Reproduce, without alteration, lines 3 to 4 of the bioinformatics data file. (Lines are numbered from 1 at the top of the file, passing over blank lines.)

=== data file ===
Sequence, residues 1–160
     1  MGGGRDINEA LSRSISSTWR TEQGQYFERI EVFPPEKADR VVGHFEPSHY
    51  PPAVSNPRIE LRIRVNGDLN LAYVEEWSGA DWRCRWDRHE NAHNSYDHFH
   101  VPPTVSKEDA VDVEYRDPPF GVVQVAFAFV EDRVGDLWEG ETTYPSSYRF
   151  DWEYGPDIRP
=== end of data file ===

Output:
    51  PPAVSNPRIE LRIRVNGDLN LAYVEEWSGA DWRCRWDRHE NAHNSYDHFH
   101  VPPTVSKEDA VDVEYRDPPF GVVQVAFAFV EDRVGDLWEG ETTYPSSYRF